SHoP Architects‘ copper-clad fraternal pair of towers is finally rising along the East River, and a handful of newly uncovered images and a fly-through video reassure us that this dancing couple will be the boldest addition to the East River skyline in decades.
Developed by Michael Stern’s JDS Development Group, the nearly one-million-square-foot project, now known by its address 626 First Avenue, will contain a whopping 800 rental units, placing it in the league of other recent mega-rental developments such as Two Trees’ Mercedes House (864 units), Silverstein’s River Place (921 rentals), and Moinian’s Sky (1,175 units). Like these others, JDS is promising to provide an extravagant amenity package that they claim “will set a new benchmark for rental developments.”
Unlike many of the city’s recent large rental developments that have predominantly risen on the west side, 626 First Avenue is situated in an overlooked section of Midtown East best known for the United Nations and its consulates, the Queens Midtown Tunnel, and the aloof pre-war Tudor City complex. And architecture-wise, outside of Der Scutt Architects’ Corinthian condominium tower, a banal sea of post-war cookie cutter apartments has risen in between. Vishaan Chakrabarti, a partner at SHoP Architects, told the Times in 2013 that “the area hasn’t seen any great architecture since the development of the United Nations in 1947.” Apparently, JDS and SHoP hope to change that by bringing us a condo that they hope will “redefine” the side.
The pair of towers rises from a 45,000-square-foot lot at First Avenue between 35th and 36th Streets, which was historically located offshore at the mouth of two cascading streams that meandered through the wooded hills of Midtown East (how times have changed).
Rendering of the approved Turtle Bay South master planned spearheaded by Sheldon Solow’s East River Realty Company in 2008. 626 First Avenue is depicted as 616 First Avenue in the left side of the image.
In February, 2013, JDS closed on the $172.5 million sale of the two-acre parcel from litigious landlord Sheldon Solow, whose company underwent an arduous 2008 rezoning of JDS’ site and additional acres to the north that were formerly occupied by a Consolidated Edison steam plant. Solow also sold the remaining portion of the block that 626 First sits on–and where a new public school has been built–to the city in 2010 for $33M.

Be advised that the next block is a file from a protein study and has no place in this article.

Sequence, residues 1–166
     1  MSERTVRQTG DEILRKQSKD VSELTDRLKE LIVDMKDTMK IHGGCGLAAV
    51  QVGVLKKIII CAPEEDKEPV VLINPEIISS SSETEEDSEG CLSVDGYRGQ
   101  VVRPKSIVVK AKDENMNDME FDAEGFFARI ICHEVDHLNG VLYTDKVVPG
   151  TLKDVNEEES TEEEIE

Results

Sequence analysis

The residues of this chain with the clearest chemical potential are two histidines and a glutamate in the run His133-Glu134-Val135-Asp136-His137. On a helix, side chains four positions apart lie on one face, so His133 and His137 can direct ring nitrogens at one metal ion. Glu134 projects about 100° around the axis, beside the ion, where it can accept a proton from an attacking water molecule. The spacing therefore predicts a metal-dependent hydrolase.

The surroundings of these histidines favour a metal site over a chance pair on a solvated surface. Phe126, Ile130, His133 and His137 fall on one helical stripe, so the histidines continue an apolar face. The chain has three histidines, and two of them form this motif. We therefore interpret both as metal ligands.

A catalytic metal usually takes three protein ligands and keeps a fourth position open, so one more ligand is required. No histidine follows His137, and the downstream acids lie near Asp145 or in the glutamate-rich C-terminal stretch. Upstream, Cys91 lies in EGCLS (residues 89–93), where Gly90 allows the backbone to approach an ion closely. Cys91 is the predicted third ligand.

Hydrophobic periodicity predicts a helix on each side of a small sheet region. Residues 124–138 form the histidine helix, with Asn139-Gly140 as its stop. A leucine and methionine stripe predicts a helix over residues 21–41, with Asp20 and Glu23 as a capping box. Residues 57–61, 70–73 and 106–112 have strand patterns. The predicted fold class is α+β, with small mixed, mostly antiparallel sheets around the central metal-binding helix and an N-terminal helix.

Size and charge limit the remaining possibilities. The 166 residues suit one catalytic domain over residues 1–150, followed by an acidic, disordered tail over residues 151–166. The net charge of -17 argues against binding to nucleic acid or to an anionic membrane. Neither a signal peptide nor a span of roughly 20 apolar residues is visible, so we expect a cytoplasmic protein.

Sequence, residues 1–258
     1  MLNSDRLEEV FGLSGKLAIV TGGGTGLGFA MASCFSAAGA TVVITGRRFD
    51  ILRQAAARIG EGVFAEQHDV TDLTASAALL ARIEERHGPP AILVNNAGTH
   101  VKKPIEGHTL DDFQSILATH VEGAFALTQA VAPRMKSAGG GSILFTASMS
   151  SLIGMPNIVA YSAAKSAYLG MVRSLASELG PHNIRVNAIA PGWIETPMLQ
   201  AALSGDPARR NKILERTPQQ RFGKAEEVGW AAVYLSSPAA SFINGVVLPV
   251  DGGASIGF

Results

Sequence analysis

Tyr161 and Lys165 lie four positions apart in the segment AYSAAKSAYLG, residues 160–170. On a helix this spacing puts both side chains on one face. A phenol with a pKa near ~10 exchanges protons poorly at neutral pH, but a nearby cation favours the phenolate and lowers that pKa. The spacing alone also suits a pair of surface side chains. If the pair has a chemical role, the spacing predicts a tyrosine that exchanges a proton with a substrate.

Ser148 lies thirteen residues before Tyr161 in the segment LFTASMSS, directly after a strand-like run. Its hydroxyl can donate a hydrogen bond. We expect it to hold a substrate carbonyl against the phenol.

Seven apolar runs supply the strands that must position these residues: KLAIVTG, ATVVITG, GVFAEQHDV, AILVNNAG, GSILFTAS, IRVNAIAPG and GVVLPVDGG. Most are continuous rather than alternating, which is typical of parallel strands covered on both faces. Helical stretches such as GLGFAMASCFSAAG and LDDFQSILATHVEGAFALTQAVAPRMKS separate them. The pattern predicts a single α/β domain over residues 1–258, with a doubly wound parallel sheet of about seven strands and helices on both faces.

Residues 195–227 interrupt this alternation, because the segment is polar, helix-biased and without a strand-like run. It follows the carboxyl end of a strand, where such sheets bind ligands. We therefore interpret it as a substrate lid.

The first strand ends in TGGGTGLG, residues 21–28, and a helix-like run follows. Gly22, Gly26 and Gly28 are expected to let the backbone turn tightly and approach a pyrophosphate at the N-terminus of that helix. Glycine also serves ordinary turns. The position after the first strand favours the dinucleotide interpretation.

With construction being managed by JDS Construction Group, excavation began last summer on a 30-foot-deep hole that became known as the “First Avenue mud pit.” The 41- and 48-story towers began their rise earlier this year, and the northern tower is already some 20 stories up. We expect their dancing bent forms to be groundbreaking for a neighborhood whose waterfront has been dominated by orthogonal tower slabs and hulking medical facilities. In the Times story, Mr. Chakrabarti compares their unique profiles to a dancing Beyonce and Jay-Z. And as you might know, Beyonce’s body has become a popular architectural muse of late, with her curves inspiring another upcoming Australian skyscraper.
The two towers conjoin 300 feet above street level, forming the highest skybridge in the city. Inside, there will be an indoor lap pool and a lounge area. Other amenities will include two levels of underground parking, a rooftop deck with an infinity-edge pool, fitness center, boxing gym, squash court, children’s playroom, screening room, and a demo kitchen and dining area. JDS was granted a 20-year real estate tax abatement by designating 20 percent of the project’s 800 apartments as affordable units. The remainder of the units will be “very, very high-end.”
Between the offset towers, a 38,000-square-foot privately-owned public park facing the East River will feature ginkgo trees, shaded seating areas, bike parking, granite and limestone paths and an interactive fountain. Online newspaper DNAinfo reported, “Because of the park’s proximity to the East River, it will feature flood protections including elevated edges and an underground system that can capture and filter stormwater.”
Construction shots via CityRealty
The 540- and 470-foot towers’ north and south elevations will be clad in a rich and shimmering copper skin, while the east and west facades will be sheathed in large vertical glass panes, ideal for showcasing views of the Empire State Building, the East River, Long Island City, and beyond. According to the Times, the copper cladding was inspired by artist Richard Serra’s torqued metal sculptures, and based on our site visit, the warm tone on the slightly varying panels captures and reflects sunlight beautifully. Among a wave of large, eye-catching buildings reshaping the city’s skyline, it seems JDS is providing us with a worthy east side complement to Bjarke Ingels’ tetrahedron mega-rental rising along the Hudson.
Another perk of the building is that directly across the FDR Highway from the project site is the 34th Street terminal for the East River Ferry which can shuttle passengers to Wall Street in four scenic stops–Long Island City, Greenpoint, Williamsburg, and Fulton Landing.
Keep up-to-date on 626 First Avenue here.
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Neighborhoods : Midtown East